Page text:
This Missouri bill will help attract and retain top talent

The Missouri Workforce Development Program will help train the workforce to fill available jobs.

This Missouri bill will help attract and retain top talent

I've heard the same thing over and over again as I meet with employers across the state: We have jobs but can't fill them.

These numbers prove it.

Missouri will have 67,000 online job listings by December 2022. Jobs in health care and technology were the most common.

This demand is too high for our population to keep up. We must upskill the current workforce to create our own talent if we don't increase our state's size.

It's for this reason that I would like to applaud Missouri General Assembly's passage of a law that will allow employers to do exactly that. House Bill 417 is now on its way to the governor. Mike Parson's desk, a program for short-term credential upskilling is created. The grant program reimburses employers who assist their employees in obtaining short-term credentials or certificates that are vital to Missouri's economy.

Imagine the possibilities: Employers can be reimbursed to train their employees in areas such as cybersecurity, welding and HVAC repair. They could also help with nursing or manufacturing technology. It's a win-win situation, as employees who are trained in new skills will be more likely to remain at the company and have better career opportunities.

The Missouri employer will now have an additional tool to help them retain and attract workers, thanks to the sponsors of the bill, Rep. Mike Henderson (R-Bonne Terre), and Sen. Karla Eslinger (R-Wasola).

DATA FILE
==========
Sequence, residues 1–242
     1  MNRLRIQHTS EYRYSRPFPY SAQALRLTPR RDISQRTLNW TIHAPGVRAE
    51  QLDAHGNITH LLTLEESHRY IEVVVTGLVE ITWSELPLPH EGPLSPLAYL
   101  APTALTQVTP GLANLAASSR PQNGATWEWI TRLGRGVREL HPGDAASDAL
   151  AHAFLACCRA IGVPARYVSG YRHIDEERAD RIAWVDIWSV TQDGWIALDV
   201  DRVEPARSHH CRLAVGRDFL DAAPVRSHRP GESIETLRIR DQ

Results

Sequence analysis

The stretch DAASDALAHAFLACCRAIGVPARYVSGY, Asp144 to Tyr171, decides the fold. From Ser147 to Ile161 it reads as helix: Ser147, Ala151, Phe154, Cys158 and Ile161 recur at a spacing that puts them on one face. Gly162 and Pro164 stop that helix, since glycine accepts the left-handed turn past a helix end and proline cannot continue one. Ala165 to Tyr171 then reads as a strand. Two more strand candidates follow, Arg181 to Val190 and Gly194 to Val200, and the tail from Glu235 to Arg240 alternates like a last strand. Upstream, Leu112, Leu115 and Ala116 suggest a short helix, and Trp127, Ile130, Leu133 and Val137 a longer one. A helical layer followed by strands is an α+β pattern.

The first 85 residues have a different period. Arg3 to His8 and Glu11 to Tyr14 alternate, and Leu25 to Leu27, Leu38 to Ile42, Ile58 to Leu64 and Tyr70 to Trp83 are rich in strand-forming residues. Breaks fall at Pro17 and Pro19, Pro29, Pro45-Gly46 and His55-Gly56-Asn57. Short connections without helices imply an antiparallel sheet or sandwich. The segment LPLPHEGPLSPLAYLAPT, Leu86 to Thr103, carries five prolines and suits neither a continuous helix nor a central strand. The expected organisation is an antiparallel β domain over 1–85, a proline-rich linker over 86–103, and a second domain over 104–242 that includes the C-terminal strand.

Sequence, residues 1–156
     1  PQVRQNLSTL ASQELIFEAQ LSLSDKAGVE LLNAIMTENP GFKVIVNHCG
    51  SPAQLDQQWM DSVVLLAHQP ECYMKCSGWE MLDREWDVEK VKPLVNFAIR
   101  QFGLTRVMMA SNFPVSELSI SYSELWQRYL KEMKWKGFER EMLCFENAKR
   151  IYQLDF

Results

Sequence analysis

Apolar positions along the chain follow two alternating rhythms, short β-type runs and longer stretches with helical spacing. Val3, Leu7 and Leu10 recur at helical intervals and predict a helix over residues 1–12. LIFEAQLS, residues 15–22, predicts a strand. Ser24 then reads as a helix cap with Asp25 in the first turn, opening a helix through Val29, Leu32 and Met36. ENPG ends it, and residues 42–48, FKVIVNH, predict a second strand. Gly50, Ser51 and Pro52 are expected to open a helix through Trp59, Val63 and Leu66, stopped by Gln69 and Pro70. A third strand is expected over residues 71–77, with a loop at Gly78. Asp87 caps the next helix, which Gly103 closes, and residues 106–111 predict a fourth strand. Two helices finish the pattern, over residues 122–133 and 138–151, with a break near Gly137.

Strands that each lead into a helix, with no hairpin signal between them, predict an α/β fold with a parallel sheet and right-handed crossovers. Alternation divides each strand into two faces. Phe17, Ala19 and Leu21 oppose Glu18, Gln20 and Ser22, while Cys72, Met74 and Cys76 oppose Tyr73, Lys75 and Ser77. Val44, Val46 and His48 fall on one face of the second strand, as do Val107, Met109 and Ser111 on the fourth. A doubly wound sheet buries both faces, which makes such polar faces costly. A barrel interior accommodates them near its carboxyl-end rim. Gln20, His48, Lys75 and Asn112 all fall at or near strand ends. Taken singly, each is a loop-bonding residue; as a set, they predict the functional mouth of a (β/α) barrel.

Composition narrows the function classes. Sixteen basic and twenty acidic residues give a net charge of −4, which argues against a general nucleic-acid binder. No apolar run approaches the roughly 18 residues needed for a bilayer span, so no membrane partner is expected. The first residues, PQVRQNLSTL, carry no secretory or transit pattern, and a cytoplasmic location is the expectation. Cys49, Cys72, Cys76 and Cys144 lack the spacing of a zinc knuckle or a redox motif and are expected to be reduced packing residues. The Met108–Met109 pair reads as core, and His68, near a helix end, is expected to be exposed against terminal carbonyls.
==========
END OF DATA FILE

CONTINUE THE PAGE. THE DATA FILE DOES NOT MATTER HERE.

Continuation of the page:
Employers can receive up to $2,000 for each credential, and up to $30,000. A third of the funds are reserved for small and medium businesses. Employers also have a stake in the game - the percentage of matching funds is one of the criteria for evaluating grant applications.

There are already examples of program success. Colorado, Alaska Utah and Virginia have all had some version of a grant to help employers upgrade their employees. TechCred is flourishing in Ohio. Since the program's inception in 2019 more than 2100 employers have received funding to support more than 57,000 employees in earning new credentials. It's time that Missouri competes with the rest of the world for talent and jobs.

The Missouri Chamber of Commerce and Industry surveys CEOs and business leaders every year to determine the top concerns of Missouri employers. This year, 38% of employers cited it as their number one concern.

It is essential to implement programs that will quickly and effectively train workers in high-demand areas.

You legislators are to be commended for making upgrading credentials a priority.